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I was able to start a Garage finally. and i add some pics of my build. Check out my Garage and tell me what ya think Everyone?
Looking good.
What's with the stock manifold? looks like you had a flange installed and a wastegate fitting but went with the Ebay manifold, did you have the turbo flange re-welded when you had the external wastegate welded on?.
The exhaust wrap is a good Idea since there is no heat shield, but the ebay manifold welds have been known to melt and leak...
Also did you spray the exhaust wrap or is it DEI Titanium wrap?

400 foot pounds torque at the wheels.
What kind of clutch are you running? (If you swap clutches, change the cranks rear main seal)
I would highly recommend pulling the transmission apart (can be done on the car), remove the differential and have the differential shaft welded on both ends of the housing.
The differential shaft does not move, welding it does not change how the diff performs.
The shaft is held in by a tiny role pin, under high torque launches and heavy engine loads and hard turning the role pin shears off and the differential shaft floats around in the diff and chafes against the transmission housing until it either cuts through it or while spinning upward comes out of the diff far enough that it hits the edge of the transmission housing smashing a hole through the aluminum and destroying the transmission pinions.

-For those with the stock role pin holding the diff together. If you ever hear chafing coming from the transmission at idle, check the transmission fluid for aluminum bits. If there is aluminum then the diff shaft is probably loose, if you catch it in time a simple dis-assembly, complete cleaning and welding of the diff shaft can save the transmission.

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You will definitely want to do some suspension work, getting 3 times the factory horsepower is a lot easier then getting 3 times the factory handling out of these cars. You will notice after a certain amount of power on stock suspension the car will bounce and dip on accel. and decel. making the car a bit difficult to handle at WOT unless your in a straight line.
Solid sway-bars and polyurethane bushings/link kits make a big difference.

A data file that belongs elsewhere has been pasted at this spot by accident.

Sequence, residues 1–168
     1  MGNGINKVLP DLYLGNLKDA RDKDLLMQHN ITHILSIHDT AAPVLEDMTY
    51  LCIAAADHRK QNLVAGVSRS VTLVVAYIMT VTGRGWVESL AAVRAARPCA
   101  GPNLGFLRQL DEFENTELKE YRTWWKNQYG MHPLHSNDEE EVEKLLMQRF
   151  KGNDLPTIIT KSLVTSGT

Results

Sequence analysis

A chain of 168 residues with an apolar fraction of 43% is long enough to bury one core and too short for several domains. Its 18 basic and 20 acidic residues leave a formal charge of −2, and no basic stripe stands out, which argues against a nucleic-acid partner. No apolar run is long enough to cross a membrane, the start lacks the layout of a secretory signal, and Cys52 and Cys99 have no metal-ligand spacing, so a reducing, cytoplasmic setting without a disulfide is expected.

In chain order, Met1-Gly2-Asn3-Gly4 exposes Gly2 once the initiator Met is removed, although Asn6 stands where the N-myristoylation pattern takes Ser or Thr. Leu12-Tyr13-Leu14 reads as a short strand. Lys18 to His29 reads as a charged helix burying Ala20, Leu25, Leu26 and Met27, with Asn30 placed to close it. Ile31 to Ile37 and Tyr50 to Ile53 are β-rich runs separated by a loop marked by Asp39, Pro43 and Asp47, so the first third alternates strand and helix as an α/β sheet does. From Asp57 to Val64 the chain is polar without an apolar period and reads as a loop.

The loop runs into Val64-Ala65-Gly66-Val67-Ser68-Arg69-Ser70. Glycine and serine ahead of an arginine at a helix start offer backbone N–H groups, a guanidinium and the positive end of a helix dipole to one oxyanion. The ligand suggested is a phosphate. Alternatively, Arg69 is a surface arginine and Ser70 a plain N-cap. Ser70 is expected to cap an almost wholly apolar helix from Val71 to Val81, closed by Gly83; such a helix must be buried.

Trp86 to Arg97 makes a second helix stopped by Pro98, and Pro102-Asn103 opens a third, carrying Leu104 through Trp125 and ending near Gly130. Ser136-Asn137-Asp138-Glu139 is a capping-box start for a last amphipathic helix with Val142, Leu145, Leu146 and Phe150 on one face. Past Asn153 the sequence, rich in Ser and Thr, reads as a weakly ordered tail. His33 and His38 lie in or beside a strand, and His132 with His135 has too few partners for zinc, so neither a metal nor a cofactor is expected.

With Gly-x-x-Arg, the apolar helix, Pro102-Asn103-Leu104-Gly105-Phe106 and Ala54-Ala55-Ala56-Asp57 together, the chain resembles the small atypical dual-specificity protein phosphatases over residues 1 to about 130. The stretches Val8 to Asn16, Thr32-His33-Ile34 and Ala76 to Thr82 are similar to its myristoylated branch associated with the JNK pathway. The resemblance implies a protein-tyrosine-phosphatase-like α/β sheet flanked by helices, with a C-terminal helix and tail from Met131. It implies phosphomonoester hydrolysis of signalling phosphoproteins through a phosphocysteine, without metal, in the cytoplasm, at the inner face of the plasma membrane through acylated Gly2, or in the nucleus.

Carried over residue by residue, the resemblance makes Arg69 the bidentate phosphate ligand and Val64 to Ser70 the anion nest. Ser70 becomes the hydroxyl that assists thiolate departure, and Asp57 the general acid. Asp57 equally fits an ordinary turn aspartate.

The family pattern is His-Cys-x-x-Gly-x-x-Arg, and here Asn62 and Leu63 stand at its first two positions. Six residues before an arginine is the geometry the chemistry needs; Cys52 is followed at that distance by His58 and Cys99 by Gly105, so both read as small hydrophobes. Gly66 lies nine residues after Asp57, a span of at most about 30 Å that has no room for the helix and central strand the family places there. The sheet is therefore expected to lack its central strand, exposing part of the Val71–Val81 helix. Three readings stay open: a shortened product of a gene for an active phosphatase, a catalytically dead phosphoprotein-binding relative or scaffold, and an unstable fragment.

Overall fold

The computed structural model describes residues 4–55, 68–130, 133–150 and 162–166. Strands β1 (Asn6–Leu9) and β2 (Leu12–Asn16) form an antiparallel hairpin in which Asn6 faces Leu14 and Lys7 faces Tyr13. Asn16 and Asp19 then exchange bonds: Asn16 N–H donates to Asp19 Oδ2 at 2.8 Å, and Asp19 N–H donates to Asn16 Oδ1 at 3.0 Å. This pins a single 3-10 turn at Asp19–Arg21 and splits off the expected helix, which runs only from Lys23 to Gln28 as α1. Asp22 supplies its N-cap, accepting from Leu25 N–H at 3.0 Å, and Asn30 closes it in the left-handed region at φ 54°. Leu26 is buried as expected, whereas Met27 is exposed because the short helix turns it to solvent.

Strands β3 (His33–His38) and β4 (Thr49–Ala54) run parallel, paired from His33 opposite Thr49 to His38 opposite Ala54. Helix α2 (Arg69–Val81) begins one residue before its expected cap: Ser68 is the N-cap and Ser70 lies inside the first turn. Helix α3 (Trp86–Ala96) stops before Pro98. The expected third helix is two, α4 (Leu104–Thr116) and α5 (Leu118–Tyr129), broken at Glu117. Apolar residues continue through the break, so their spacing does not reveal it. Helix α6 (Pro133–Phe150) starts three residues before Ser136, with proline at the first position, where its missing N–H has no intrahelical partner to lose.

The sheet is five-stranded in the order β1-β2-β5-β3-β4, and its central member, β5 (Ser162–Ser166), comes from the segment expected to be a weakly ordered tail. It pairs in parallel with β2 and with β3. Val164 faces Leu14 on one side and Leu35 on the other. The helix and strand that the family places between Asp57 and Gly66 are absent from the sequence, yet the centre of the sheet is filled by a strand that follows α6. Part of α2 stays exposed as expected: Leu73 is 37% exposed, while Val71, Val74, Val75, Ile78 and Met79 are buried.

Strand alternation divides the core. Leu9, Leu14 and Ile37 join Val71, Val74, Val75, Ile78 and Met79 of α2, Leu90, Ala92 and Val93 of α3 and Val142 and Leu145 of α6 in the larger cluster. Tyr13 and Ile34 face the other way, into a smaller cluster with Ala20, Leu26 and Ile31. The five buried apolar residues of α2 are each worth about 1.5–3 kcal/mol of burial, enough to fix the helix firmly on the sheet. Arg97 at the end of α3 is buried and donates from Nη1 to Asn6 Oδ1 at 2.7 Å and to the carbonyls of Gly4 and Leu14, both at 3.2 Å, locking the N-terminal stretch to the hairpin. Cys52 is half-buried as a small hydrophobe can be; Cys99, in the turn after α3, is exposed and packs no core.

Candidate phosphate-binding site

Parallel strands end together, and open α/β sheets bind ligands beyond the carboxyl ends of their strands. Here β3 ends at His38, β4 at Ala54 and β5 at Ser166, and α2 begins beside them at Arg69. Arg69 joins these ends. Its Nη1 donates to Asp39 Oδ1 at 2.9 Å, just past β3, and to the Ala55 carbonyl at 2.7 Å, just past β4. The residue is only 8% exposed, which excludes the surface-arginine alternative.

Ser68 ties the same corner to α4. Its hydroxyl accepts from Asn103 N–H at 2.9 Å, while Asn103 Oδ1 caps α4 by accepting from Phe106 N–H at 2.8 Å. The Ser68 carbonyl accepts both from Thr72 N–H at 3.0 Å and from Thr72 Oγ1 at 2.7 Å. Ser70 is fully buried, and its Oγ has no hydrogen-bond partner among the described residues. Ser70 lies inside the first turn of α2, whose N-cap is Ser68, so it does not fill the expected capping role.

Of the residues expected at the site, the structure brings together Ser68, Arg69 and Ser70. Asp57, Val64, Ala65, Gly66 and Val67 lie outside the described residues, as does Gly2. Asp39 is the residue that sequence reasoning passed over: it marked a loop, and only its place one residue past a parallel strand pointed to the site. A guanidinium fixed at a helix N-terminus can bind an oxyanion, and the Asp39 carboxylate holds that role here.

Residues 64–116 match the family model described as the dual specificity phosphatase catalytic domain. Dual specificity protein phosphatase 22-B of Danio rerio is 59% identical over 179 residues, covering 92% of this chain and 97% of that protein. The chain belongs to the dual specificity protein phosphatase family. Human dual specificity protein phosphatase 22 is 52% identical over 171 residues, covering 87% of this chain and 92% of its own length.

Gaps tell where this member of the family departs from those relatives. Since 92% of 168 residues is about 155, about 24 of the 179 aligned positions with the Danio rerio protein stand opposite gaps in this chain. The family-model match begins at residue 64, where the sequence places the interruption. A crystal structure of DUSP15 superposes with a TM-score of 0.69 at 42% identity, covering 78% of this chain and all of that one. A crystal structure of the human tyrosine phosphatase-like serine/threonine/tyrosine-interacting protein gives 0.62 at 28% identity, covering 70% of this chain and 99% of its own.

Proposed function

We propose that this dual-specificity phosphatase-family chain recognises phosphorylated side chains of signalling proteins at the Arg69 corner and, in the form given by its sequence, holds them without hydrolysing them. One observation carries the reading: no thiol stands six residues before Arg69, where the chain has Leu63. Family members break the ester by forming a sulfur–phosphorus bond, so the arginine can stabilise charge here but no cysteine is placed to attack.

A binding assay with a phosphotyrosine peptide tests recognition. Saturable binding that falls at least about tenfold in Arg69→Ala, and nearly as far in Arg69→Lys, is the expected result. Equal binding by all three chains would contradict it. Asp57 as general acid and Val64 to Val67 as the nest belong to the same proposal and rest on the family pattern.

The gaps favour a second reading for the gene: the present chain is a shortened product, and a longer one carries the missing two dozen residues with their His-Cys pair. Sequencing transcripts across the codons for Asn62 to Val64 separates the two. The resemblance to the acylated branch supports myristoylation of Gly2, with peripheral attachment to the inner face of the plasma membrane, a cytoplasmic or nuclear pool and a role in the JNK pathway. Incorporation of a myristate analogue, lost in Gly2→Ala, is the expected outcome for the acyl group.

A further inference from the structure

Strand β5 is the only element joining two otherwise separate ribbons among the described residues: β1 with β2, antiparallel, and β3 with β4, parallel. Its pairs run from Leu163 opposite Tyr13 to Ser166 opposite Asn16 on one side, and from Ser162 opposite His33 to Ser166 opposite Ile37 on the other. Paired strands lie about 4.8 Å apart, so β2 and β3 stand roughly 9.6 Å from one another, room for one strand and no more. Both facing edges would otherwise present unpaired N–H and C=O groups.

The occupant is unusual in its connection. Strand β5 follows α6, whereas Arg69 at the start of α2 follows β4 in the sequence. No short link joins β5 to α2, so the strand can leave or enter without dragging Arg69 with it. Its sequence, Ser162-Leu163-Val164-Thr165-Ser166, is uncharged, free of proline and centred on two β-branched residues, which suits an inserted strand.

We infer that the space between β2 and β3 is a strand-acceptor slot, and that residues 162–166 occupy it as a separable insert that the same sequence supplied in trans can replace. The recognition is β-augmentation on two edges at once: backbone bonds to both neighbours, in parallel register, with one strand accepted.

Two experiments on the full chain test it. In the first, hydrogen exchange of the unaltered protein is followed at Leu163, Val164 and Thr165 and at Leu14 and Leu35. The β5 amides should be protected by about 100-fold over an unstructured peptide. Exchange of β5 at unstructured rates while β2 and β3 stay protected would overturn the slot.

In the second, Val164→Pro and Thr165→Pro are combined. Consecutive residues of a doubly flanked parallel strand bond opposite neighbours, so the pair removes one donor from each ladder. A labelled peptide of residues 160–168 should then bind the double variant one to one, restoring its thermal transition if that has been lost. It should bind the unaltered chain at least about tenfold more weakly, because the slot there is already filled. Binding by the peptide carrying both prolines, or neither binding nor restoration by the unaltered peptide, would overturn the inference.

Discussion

Good struts and springs make a nice difference but choices are limited shy of customizing or spending 1000$, tokico blue's are discontinued. 2nd Generation STAGG brand struts from Ebay perform as good as tokico and cost 150$ for 4 (rear's need a bit of work to fit).


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-I also recommend running a heavier weight motor oil, 10w-40 or 20w-50 and change it at or before regular intervals.
-Run a quality thick Gear oil in the transmission, some people disagree and prefer ATF fluid but the gear oil protects the diff pinions much better than ATF.
-Finally the head gasket, what is the age of the engine 24-28 years old, when was the head gasket last changed? was it ever? if so what did they use?
Years ago a member here SleepCounter once said when you change the head gasket on an F2T it's never the same, I always found that weird, I can assemble F2T from pieces and make them run like factory, swapped many dozen heads all with good results. What I think he meant was once the head gasket goes the engine will never be the same, to that I agree, in my experience if you over heat once with an F2T you burn the crown of the pistons and warp the head...
Felpro head gaskets are cheap and reliable, you can undo all the vacuum sensors from the firewall, anything connected between the head and block/engine bay and lift the head, intake, turbo all together, clean both surfaces and reassemble with new gasket. I have done this job in a little over 2 hours, with someone to help lift the head and shopvac the block while I scrubbed the surface.
 

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Discussion Starter #22
Yes i had the stock manifold fabed to hold the new turbo but i liked the ebay header a lot so had it fabed up. I still have it, i might sale or keep it for my probe i plan on getting. i did not know that i needed to spray the wrap. The clutch is good for over 425 foot pounds. I tried a thick oil in my Trans and i couldnt shift it so i went back to a synthetic atf.
 

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I ran 110w190 or 115w 185 gear oil and the only trouble it caused was at about -20* Celsius the car had a hard time starting.

Never had a shifting issue though.
I Run 85w 90 gear oil constantly without issue.

Although all my suggestions sound annoying, they are all precautions that save you from far more frustrating outcomes.
Just don't want to see you give up on an amazing built engine because ancient gaskets or seals fail. The fact that on engines this old the gaskets can hold up all these years is impressive. 24 + year old gaskets and seals holding up is crazy, expecting them to handle higher power is insane.
 

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Discussion Starter #24 (Edited)
I ran 110w190 or 115w 185 gear oil and the only trouble it caused was at about -20* Celsius the car had a hard time starting.